Green tea is made from the leaves from Camellia sinensis that have undergone minimal oxidation during processing. Green tea originated in China, but it has become associated with many cultures throughout Asia. Green tea has recently become more widespread in the West, where black tea has been the traditionally consumed tea. Green tea has become the raw material for extracts used in various beverages, health foods, dietary supplements, and cosmetic items. Many varieties of green tea have been created in the countries where it is grown.
Why Green Tea?
Green tea has been used as a medicine for thousands of years, originating in China but widely used throughout Asia this beverage has a multitude of uses from lowering blood pressure to preventing cancer. The reason that green tea has more health benefits attached to it than black tea is (apparently) due to the processing. Black tea is processed in a way that allows for fermentation whereas green tea’s processing avoids the fermentation process. As a result, green tea retains maximum amount of antioxidants and poly-phenols the substances that give green tea its many benefits.
Here’s a list of some of its amazing benefits — benefits that you may not have been aware of. Some of these benefits are still being debated, so please do your own research if you want to use green tea for medicinal purposes.
- Weight Loss. Green tea increases the metabolism. The polyphenol found in green tea works to intensify levels of fat oxidation and the rate at which your body turns food into calories
- Diabetes. Green tea apparently helps regulate glucose levels slowing the rise of blood sugar after eating. This can prevent high insulin spikes and resulting fat storage.
- Heart Disease. Scientists think, green tea works on the lining of blood vessels, helping keep them stay relaxed and better able to withstand changes in blood pressure. It may also protect against the formation of clots, which are the primary cause of heart attacks.
- Esophageal Cancer. It can reduce the risk of esophageal cancer, but it is also widely thought to kill cancer cells in general without damaging the healthy tissue around them.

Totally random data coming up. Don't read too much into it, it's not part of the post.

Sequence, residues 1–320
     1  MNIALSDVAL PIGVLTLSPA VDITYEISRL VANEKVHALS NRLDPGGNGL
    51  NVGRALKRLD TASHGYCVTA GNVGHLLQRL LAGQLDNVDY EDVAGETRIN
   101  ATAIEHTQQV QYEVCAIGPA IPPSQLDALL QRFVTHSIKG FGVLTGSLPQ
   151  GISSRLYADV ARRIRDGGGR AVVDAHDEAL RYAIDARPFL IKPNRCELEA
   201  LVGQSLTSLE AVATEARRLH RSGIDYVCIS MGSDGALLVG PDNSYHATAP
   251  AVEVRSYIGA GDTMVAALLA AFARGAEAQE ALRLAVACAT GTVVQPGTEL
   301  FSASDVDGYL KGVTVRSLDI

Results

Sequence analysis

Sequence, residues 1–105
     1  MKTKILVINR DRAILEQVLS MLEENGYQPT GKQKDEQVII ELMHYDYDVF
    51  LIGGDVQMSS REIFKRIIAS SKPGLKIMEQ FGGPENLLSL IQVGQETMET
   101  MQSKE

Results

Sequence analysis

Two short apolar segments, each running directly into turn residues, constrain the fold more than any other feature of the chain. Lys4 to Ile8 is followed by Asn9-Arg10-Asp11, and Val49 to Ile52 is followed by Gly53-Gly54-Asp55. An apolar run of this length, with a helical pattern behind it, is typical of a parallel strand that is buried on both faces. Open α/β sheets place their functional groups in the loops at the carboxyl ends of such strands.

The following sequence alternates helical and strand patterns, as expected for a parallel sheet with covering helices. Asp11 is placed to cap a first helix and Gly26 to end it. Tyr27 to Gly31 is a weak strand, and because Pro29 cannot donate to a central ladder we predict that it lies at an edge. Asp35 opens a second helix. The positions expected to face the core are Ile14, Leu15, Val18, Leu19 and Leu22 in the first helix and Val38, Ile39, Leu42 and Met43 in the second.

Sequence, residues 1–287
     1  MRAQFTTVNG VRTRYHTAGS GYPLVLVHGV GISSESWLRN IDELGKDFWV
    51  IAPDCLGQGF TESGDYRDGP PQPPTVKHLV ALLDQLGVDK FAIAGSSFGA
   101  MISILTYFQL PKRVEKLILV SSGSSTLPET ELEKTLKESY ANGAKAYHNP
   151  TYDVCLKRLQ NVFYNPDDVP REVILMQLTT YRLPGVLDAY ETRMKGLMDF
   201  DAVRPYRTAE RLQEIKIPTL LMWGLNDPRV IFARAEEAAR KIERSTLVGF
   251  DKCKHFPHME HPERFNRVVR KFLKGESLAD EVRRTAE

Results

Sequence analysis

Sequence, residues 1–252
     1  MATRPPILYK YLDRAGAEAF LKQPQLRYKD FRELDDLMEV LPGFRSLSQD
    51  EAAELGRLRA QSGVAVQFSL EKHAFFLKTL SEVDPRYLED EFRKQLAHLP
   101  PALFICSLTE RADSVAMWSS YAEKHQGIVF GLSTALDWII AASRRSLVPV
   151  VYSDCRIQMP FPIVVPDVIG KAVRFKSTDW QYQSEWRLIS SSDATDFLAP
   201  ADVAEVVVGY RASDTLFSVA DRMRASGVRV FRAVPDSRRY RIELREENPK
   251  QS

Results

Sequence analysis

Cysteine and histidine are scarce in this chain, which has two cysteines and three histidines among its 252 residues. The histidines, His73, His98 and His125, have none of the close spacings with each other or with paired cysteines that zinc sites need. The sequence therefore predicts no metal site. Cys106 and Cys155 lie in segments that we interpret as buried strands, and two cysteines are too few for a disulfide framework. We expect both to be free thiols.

- Cholesterol. Green tea reduces bad cholesterol in the blood and improves the ratio of good cholesterol to bad cholesterol.
- Alzheimer’s and Parkinson’s. It is said to delay the deterioration caused by Alzheimer’s and Parkinson’s. Studies carried out on mice showed that green tea protected brain cells from dying and restored damaged brain cells.
- Tooth Decay. Studies suggests that the chemical antioxidant “catechin” in tea can destroy bacteria and viruses that cause throat infections, dental caries and other dental conditions.
- Blood Pressure. Regular consumption of green tea is thought to reduce the risk of high blood pressure.
- Depression. Theanine is an amino acid naturally found in tea leaves. It is this substance that is thought to provide a relaxing and tranquilizing effect and be a great benefit to tea drinkers.
- Anti-viral and Anti-bacterial. Tea catechins are strong antibacterial and antiviral agents which make them effective for treating everything from influenza to cancer. In some studies green tea has been shown to inhibit the spread of many diseases.
- Skincare. Green tea can apparently also help with wrinkles and the signs of aging, This is because of their antioxidant and anti-inflammatory activities. Both animal and human studies have demonstrated that green tea applied topically can reduce sun damage.
These are some of the many benefits but the reality is one cup of tea a day will not give you all the abundant gains. The jury is out on how many cups are necessary; some say as little as two cups a day while others five cups — and more still say you can drink up to ten cups a day.
Green tea also contains tannins (which can decrease the absorption of iron and folic acid), so if you are pregnant or trying to conceive then green tea may not be ideal for you. You can try mixing green tea with other healthy ingredients such as ginger.